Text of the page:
Wind is essential to natural processes
Whether it’s a blowing winter gale or a soft summer breeze, the wind has an effect on the ecology of plants and animals.
In the winter, we have biting winds that chill you to the bone. Conversely, summer breezes are welcomed to help us cool off when we are enjoying time in the sun. All year long, wind tickles our senses as we listen, watch and feel it blow as it works magic for plants and trees across Michigan.
Benefits of wind to plants
Wind has the ability to help things move, that otherwise couldn’t, around their environment. Seeds are one of the most common things that are moved by the wind. In fact, the term anemochory refers to the dispersal of seeds by wind. This includes milkweed seeds that use a parachute mechanism, dandelion seeds that use a pappus, maple seeds that use a samara and cattail seeds that use fine, silky hairs to disperse seeds from the parent plant using the wind. And these are just a few examples of plants that use the wind to disperse seeds and, subsequently, plant populations.
Other plants use the wind to create seeds. Many trees, especially pine and oak trees, use the wind to disperse pollen with the hope that the pollen will travel to and fertilize a viable egg where, under the right conditions, a seed will develop. Insects may help the process, but if you have ever lived in an area dominated by pine and oak trees, you’ve seen the generous amounts of pollen released by the male structures. It’s a natural mechanism to ensure that the genetic material in the pollen will fertilize as many eggs as possible, thereby passing on the legacy of the tree.
In addition, wind blowing on a small seedling or newly emerged spring plant helps the plant create a stronger stem. Each time a plant is pushed by the wind, it releases a hormone called an auxin that stimulates the growth of supporting cells. Research has shown that this is actually beneficial to the plant, and that plants that begin growth in the absence of wind tend fall over or break more easily than those grown in the presence of some wind. Anyone who has ever started garden plants from seeds has probably experienced this. The best way to avoid wind damage to seedlings is to place them outside for short periods of time each day, to “harden off” the plants from the effects of the wind and direct sunlight.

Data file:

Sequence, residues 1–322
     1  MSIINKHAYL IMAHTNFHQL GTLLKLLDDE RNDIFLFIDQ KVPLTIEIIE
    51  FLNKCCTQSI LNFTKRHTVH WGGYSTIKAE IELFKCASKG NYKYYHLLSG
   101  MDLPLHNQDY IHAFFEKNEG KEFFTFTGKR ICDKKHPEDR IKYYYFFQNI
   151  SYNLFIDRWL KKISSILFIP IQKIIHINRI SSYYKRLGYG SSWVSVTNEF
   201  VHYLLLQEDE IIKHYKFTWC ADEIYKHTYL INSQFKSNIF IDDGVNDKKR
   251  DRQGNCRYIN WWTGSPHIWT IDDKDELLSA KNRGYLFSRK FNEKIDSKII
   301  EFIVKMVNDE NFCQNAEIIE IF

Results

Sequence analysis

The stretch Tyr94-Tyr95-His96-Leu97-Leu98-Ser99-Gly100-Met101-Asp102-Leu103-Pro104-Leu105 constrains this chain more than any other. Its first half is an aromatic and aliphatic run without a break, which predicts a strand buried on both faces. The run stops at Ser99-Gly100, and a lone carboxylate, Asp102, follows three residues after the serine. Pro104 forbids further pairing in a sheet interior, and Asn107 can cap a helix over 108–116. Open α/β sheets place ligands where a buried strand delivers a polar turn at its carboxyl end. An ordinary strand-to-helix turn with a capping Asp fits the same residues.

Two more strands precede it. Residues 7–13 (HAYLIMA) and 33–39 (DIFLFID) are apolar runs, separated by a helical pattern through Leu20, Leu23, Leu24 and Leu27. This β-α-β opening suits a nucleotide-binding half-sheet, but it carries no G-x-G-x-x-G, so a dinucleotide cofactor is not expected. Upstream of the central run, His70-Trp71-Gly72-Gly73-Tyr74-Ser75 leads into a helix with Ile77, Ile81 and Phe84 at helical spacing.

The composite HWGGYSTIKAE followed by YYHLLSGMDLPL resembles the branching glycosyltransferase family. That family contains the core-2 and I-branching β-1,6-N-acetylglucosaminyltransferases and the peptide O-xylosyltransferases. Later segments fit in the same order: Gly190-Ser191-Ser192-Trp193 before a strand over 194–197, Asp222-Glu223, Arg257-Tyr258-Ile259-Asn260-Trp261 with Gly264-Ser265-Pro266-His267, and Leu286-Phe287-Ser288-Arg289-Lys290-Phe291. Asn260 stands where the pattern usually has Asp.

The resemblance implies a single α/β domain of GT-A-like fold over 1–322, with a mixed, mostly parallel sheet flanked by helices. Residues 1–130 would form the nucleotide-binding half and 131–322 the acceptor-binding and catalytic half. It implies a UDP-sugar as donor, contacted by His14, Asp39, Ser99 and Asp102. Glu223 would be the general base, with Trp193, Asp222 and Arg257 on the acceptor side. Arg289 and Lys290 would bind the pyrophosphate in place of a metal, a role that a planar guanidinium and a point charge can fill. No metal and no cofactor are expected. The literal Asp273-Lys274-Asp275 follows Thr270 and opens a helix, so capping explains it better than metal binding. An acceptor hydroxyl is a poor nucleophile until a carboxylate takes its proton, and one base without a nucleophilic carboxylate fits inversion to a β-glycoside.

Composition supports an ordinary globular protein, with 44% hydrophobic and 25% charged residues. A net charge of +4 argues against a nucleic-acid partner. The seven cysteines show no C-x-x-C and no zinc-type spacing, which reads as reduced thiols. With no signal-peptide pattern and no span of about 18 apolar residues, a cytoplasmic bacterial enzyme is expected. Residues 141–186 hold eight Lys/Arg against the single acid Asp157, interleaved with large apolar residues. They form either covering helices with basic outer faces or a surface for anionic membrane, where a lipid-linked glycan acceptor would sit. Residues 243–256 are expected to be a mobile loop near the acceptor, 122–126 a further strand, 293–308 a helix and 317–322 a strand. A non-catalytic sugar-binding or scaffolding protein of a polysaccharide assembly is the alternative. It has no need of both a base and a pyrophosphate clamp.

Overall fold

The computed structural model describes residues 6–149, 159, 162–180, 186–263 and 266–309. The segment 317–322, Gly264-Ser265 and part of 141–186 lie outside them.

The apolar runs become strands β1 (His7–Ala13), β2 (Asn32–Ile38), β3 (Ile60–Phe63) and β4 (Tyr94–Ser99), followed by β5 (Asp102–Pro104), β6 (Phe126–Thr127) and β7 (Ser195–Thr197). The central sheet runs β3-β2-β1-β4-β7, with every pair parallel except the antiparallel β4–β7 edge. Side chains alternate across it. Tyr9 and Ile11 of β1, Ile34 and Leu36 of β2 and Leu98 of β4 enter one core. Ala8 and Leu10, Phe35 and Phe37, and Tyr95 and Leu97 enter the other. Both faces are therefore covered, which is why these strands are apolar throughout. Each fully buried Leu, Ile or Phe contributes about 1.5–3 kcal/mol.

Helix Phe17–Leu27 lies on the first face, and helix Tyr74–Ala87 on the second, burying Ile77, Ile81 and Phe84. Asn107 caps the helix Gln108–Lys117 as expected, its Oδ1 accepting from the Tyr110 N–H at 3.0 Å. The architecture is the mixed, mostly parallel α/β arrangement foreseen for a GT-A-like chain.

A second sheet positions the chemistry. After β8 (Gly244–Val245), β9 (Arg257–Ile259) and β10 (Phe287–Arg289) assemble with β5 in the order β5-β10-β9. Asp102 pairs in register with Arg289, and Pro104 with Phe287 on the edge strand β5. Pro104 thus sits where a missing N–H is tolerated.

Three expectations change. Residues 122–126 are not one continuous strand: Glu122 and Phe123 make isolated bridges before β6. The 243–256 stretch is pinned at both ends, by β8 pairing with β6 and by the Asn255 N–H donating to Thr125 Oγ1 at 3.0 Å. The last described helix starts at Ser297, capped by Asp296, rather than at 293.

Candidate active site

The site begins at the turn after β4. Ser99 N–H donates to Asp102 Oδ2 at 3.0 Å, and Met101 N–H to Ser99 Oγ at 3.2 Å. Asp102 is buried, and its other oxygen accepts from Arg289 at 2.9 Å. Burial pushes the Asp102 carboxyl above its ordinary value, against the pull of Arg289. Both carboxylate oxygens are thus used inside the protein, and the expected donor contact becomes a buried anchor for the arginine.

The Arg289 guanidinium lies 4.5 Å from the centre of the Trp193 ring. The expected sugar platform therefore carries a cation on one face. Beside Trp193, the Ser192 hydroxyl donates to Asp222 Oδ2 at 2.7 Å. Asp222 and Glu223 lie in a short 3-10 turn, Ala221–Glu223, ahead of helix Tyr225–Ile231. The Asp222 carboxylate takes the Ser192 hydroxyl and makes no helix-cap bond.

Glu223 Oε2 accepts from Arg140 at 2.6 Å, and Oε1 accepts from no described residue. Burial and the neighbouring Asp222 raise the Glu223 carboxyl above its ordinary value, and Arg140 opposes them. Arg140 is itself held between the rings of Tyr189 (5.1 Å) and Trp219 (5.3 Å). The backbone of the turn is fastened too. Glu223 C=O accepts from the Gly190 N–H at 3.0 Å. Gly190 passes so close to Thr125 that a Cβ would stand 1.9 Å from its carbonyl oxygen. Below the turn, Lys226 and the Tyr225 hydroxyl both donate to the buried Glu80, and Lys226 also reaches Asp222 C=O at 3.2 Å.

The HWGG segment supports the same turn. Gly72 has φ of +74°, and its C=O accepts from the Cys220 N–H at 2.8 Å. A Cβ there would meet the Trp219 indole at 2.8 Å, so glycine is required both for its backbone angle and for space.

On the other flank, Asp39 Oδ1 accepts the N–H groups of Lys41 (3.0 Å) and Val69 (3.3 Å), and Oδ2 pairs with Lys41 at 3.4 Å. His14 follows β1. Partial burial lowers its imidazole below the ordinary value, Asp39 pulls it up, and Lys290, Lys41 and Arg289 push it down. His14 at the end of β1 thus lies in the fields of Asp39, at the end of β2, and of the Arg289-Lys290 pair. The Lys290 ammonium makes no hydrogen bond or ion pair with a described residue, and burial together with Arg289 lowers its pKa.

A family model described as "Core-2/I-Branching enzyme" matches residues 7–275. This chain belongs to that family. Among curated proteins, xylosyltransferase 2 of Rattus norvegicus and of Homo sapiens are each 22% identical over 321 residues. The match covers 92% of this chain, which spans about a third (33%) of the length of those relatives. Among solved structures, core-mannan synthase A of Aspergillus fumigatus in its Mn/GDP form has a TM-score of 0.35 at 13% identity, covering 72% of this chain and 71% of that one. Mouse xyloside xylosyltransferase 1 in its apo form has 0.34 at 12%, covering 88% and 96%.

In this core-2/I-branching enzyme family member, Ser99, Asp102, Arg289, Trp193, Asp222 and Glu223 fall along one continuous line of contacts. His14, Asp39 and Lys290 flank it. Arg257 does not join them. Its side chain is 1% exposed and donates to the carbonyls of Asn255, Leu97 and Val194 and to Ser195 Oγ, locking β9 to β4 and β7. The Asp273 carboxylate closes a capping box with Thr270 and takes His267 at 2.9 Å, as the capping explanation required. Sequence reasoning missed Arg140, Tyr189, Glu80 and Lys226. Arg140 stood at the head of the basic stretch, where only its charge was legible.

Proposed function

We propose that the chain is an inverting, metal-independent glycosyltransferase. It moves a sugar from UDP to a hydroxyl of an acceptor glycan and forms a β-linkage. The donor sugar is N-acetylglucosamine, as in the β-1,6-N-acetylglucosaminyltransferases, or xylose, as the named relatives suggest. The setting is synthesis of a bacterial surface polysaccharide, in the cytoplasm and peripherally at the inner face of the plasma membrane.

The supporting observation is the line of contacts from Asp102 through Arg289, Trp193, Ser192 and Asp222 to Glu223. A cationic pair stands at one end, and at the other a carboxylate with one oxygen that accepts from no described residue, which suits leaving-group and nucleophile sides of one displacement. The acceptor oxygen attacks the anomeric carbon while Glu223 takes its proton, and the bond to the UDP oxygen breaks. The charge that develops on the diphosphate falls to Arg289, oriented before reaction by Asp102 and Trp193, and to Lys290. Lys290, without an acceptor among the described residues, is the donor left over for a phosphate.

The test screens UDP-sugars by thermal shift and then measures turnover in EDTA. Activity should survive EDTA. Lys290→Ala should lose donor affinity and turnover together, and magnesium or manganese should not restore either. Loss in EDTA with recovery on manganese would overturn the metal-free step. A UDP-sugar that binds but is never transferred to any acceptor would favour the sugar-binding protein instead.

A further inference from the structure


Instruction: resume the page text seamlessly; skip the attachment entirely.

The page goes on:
Benefits of wind to forest ecosystems
A few times a year, parts of Michigan experience straight line winds that knock down a patch of trees in a forest. Our natural reaction is to view the loss of trees in the forest negatively. Once we learn that no person was hurt, we can begin to see the benefit of the disturbance to the forest ecosystem. Healthy forest ecosystems typically include a mosaic, or patchwork, of trees that are of different ages. A mosaic forested landscape typically includes a larger variety of tree species and habitat that support a greater diversity of wildlife. Today, humans actively harvest trees to create these mosaic habitats, in an effort to mimic the effect of natural disturbances like wind and fire.
The next time you feel the wind on your heels, enjoy the breeze and consider the positive ways in which it benefits our natural ecosystems.